Transcript: Sky News Interview

3.00pm | November 06, 2018




HOST: Let's go live to Sydney now and joining us now is Labor Senator Jenny McAllister.

Jenny McAllister, we will get to your Melbourne Cup tips later, but first I want to ask you about this idea of a dual election next year. I don't think it's been done ever in recent history. What do you think of this idea being floated but it seems to be kiboshed this morning by the PM?

McALLISTER: Yes, well it's a mark of really how desperately obsessed this crowd is about their own jobs, that they are coming up with crazy plans like this. I mean this would be a very, very expensive way to conduct an election. I think it would be extremely unpopular with voters. It hasn't happened for decades. I'm very surprised to see people talking about it, but I think it really is the indication that instead of thinking about how best to govern, what policies do we need for the future? This crowd is desperately thinking of ways for Scott Morrison to hang on to his job. And it’s pretty desperate.

HOST: Having said that, the Government has alluded to - pretty much saying that this is not going to happen understandably it would be a gift for Labor if the Government were to do this because it would, as you have said already this morning, in using the term desperate, it would look like they are going to try to cling to power, so they are not going to do it. I don't think Labor's interests will be front of mind in this sense and they will be going to an election in March you would think next year?

McALLISTER: Well, the election timing is up to them but somebody has briefed this out to a journalist. Somebody in the Liberal Party has been thinking about this. They are desperately scrabbling around looking for ways to extend Mr Morrison's term, to hang on to power. They really need to just accept that at some point they're going to have to face the verdict of the Australian people.

HOST: Senator, is Bill Shorten's job made harder with Scott Morrison at the helm rather than Malcolm Turnbull? We know that Malcolm Turnbull wasn't all that popular in Queensland. We are seeing the big blue bus being driven up and down the coast this week with Scott Morrison really already in campaign mode, is it a tighter race with Scott Morrison as Prime Minister?

McALLISTER: I really think that their big problem on the Liberal side is that they've got a bunch of policies that nobody likes. They've got a legacy of cutting services that people really care about like health and education over their last five years. They haven't achieved really anything on energy policy and we are in their fifth year of office without any energy policy to speak of. It doesn't really matter from our perspective who is leading the Liberal Party. Our concern is actually with the policies, not with the people, and I suspect that is what Mr Morrison will find when he is out and about talking to people. I note that this trip to Queensland is a rare visit for Mr Morrison. Queensland is not a state he has spent a lot of time in. I think he will find that people there are very tired with the kind of self-obsessed way that people are running the Government from Canberra and looking for something a little more substantial.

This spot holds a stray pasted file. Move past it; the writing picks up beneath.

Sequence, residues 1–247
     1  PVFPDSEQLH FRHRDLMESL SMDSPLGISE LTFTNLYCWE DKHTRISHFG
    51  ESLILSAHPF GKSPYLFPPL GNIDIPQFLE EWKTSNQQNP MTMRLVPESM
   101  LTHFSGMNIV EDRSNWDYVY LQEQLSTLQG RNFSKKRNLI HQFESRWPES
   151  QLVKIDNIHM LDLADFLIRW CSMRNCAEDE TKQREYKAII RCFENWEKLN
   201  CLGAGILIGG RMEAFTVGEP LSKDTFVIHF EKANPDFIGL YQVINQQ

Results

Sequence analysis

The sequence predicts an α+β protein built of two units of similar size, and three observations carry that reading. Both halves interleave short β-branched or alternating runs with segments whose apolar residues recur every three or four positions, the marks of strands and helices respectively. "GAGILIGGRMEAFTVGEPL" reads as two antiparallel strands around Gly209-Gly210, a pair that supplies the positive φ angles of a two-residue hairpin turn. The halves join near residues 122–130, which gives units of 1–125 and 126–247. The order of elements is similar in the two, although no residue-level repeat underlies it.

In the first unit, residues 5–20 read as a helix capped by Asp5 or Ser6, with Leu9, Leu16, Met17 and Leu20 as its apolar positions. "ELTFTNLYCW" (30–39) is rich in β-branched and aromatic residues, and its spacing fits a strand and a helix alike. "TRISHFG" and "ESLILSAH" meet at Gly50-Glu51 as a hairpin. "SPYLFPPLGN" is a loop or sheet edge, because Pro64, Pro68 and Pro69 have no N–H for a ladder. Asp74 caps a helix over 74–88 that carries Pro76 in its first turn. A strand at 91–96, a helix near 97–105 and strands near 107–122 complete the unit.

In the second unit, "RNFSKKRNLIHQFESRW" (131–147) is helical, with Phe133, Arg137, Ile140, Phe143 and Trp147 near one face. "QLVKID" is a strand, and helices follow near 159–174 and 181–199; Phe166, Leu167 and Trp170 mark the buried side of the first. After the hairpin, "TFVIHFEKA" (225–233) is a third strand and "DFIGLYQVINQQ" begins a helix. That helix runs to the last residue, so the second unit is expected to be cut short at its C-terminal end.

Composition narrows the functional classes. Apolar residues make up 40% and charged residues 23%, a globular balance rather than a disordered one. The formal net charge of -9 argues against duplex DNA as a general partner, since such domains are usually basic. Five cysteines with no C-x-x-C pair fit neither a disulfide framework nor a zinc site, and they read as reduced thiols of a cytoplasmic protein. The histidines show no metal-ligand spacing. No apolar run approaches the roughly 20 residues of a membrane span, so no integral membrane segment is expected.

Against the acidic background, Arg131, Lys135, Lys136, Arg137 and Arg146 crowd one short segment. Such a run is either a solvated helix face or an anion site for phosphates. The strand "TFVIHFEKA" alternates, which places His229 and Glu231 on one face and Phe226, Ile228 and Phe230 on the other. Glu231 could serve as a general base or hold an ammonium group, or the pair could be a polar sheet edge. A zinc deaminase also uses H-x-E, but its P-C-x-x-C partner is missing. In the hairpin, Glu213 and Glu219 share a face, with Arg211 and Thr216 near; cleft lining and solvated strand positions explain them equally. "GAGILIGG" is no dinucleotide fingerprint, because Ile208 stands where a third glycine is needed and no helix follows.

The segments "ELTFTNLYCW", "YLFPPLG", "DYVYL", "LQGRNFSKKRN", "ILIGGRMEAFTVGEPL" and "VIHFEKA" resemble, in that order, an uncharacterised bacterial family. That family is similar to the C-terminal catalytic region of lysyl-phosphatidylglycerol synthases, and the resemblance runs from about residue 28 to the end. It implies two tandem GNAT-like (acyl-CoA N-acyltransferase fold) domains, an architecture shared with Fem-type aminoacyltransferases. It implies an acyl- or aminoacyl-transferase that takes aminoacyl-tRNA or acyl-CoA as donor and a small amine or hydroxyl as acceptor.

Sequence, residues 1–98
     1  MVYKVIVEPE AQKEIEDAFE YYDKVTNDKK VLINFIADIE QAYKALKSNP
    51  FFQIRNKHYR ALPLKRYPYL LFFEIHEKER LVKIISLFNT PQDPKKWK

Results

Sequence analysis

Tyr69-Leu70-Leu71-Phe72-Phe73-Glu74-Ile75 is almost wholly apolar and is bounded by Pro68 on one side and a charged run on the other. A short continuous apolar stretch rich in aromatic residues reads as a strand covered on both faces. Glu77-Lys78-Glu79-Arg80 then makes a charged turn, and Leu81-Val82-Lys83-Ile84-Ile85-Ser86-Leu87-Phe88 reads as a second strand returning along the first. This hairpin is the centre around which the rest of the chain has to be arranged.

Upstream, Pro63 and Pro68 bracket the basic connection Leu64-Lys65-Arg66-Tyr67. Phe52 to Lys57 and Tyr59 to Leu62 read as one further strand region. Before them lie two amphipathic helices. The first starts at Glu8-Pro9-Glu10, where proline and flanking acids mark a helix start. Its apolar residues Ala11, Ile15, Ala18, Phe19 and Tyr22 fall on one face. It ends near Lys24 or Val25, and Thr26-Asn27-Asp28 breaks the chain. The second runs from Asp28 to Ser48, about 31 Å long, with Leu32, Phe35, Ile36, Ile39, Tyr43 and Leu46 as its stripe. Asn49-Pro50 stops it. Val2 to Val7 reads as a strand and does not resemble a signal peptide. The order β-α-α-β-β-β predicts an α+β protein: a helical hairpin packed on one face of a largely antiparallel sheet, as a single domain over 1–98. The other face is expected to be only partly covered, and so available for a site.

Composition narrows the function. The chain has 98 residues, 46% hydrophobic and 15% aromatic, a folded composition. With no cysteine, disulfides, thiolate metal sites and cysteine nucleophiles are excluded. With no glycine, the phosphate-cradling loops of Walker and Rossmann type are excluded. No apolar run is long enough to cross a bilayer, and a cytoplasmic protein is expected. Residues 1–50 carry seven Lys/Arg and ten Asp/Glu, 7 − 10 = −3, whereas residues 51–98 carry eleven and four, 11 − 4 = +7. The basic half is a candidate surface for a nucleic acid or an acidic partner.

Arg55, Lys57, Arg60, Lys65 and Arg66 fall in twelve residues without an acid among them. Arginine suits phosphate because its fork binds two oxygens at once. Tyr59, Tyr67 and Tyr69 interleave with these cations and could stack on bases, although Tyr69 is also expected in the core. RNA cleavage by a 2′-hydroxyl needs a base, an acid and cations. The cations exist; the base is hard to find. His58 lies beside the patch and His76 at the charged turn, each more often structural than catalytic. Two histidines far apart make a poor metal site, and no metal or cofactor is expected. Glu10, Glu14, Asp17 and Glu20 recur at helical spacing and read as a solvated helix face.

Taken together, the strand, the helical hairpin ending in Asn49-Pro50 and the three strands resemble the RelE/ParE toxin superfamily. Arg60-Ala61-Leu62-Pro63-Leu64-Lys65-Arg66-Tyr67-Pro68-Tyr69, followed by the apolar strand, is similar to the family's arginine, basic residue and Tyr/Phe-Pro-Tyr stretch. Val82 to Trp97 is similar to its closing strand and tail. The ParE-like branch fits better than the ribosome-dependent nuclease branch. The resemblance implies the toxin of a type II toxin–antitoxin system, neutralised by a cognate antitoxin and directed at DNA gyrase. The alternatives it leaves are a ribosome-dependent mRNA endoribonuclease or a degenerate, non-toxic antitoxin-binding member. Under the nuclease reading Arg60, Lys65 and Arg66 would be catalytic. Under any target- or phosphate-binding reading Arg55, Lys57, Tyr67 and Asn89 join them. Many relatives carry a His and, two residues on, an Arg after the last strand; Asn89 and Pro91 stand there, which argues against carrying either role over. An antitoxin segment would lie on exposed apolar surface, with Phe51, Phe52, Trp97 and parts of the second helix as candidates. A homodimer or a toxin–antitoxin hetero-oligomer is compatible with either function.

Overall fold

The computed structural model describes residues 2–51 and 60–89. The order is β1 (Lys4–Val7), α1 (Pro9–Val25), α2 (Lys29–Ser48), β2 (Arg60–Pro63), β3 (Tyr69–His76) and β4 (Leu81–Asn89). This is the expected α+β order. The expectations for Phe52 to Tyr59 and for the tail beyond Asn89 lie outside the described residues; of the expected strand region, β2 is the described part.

HOST: From the trip to Queensland to this trip now to China by the Foreign Minister, Marise Payne - do you welcome the fact that there has been a thawing in the by-lateral relations that Marise Payne will be there later this week?

McALLISTER: It’s really pleasing to see the Chinese recognising the significance of the relationship between Australia and China, and from our perspective there is obviously few relationships that are as important. We have to handle this right over the next couple of decades because our region is going through a period of real change and, you know, Penny, Bill, both have talked about this. What's needed is real clarity about where our interests lie and consistency in how we talk to the Chinese Government about these things - and unfortunately what's happened over the last couple of years is that the Government has really bungled this. They’ve had people, front benchers, selling all kinds of very difference messages about what our posture is towards China, and unsurprisingly it's been received pretty badly. We haven't had a Prime Minister or a Foreign Minister visit China since the election. It's a real problem so I'm very pleased to see some kind of thawing of relations, but the Government really needs to get some sort of discipline back in the way their frontbench is talking about these issues.

HOST: But when we talk about consistency of message, do you have some criticism then, for Daniel Andrews who signed onto the Belt and Road strategy. They have essentially gone it alone in Victoria and the MOU is secret.

McALLISTER: Look, my understanding is that this is an MOU. I don't know a lot about the details - I've got as much as you do.

HOST: No one does Jenny McAllister because the Government in Victoria is refusing to make them public. Are you comfortable with that?

McALLISTER: Well, our position federally is pretty clear. We are not providing any blanket endorsement of the Belt and Road initiative. We think that there's obviously a huge need for infrastructure in our region and across the economy. Where there are projects that we think are in Australia's national interests, we're very interested to get involved, see them go ahead. Where we don't think they're in our national interest, we won't.

HOST: Labor Senator, Jenny McAllister, thanks for your time.

McALLISTER: Thanks Keiren.

HOST: Talk to you soon, we are out of time.